While people in creative professions often assume that the finance sector consists only of accountants, bankers and stockbrokers, nothing could be further from the truth, and there’s tremendous scope for an interesting and enjoyable career in the money business.
From working as a bank teller to managing an international lending company or insurance provider, the range of employment opportunities in the sector is wide, and the potential for commanding a higher than average salary is definitely there, depending on your level of experience.
Almost any position in this area requires you to have good skills in maths, accounting and statistics, and while some jobs are suitable for school leavers, many others require tertiary qualifications in business and accounting, along with strong technology skills.
Entry-level opportunities in the finance sector include junior accounts officer roles in which you will code invoices, process reconciliations, check purchase orders and delivery dockets, record payments and communicate effectively both inside and out of the company you’re working for.
The national average salary for this type of role is around $50,000 per year although junior employees often start on something in the region of $38,000.Working for a bank is another entry-level possibility, especially if you are well-organised and enjoy people contact.
Obviously maths skills are an advantage, as is computer literacy.Many bank jobs take place behind the scenes and although automation has changed demands on the banking workforce, there is still good career scope for the right people.
A bank teller can make around $44,000 per annum while more specialist positions such as senior personal bankers can command salaries in the $80,000+ range.Meanwhile, further up the banking ladder and much more risky, but also better paid, is investment banking, wherein you assist your clients in finding investors to fund their projects.
The average salary in this sector is around $77,000 per annum, but there are people earning well into the six-figure band, with bonuses and profit share added in.
Insurance is another big area within the financial sector and it’s a complex industry with plenty of room for career progression.
Beyond the people who answer the phones or sell you the policy are other roles; consulting on insurance matters, offering financial advice, acting as an assessor and even managing insurance IT and software. And, of course, insurance isn’t limited to house, car, contents and commercial premises, there’s also health insurance, life insurance and income protection insurance, so the possibilities in terms of employment are substantial.
Average salaries range between about $49,000 for a claims consultant to around $71,000 for an underwriter, but there is a wide range around these figures, depending on the different insurance companies and the seniority of different roles.
Many good finance positions come within the public service sector and the Inland Revenue Department is a big civil employer here in New Zealand with over 5000 kiwis working within its branches.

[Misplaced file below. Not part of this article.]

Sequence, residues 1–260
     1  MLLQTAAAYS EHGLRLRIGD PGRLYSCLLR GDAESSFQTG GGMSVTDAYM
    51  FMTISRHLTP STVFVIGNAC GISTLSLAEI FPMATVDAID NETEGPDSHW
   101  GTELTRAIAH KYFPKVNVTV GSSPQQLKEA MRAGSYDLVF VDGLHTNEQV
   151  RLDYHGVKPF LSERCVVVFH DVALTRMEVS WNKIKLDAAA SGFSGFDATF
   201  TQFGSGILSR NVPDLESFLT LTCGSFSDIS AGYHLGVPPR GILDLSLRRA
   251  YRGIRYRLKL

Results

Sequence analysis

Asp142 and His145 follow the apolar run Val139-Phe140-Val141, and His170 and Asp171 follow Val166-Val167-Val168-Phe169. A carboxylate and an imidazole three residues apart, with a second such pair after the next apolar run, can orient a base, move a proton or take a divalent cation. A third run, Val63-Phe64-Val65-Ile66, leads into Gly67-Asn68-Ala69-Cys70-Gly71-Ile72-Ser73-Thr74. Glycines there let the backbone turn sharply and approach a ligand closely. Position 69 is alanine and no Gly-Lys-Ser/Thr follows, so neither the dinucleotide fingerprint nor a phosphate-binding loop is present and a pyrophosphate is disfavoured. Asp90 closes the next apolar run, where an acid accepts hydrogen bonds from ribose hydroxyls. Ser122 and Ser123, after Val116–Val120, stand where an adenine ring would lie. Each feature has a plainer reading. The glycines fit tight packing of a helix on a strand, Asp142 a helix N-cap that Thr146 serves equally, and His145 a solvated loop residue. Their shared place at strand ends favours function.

Once again, while customer services at the front line provide a good way of getting into tax-related employment, there’s much more happening in the backend with positions for business reporting analysts, strategy advisors, service leaders, marketing advisors, debt collectors, fraud investigators and a raft of support staff opportunities.
Customer services positions start at around $35,000 per annum and senior accountants are some of the best paid IRD employees, with annual salaries in the region of $110,000.Naturally, accountants, at all levels, make up a large proportion of the finance sector.
Sometimes regarded as a dull occupation, accountancy is actually one of the most flexible employment arenas when it comes to branching out.Many finance industry high-flyers began their professional lives as trained accountants only to find themselves on different and more exciting trajectories a few years later.
With the average salary for accountants at around $50,591, the pay range can be augmented by bonuses, profit sharing and, in some cases, commissions.
No story about the finance industry and careers would be complete without a look at the role of those in the brokering industry, and this includes mortgage brokers, insurance brokers, and of course, stockbrokers.
While movies about Wall Street have made the industry look very glamorous, the truth is that the average pay for a stockbroker in New Zealand is under $60,000.
However, with a few years’ experience that figure can increase substantially with bonuses, profit sharing and commission.Mortgage brokers in full-time employment can earn as much as $84,000 per year, and those who are self-employed may make considerably more – depending on the state of the local property market – as many in New Zealand are discovering right now, with activity levelling out after a crazy few years.
The key to finding success in the finance sector lies in doing research. Never have so many online tools been on offer, allowing you to look at different options and possible career paths.
The position you first aim for may be superseded by other possibilities along the line, and as long as you can remain flexible in your interests and expectations, success in the industry is a real possibility.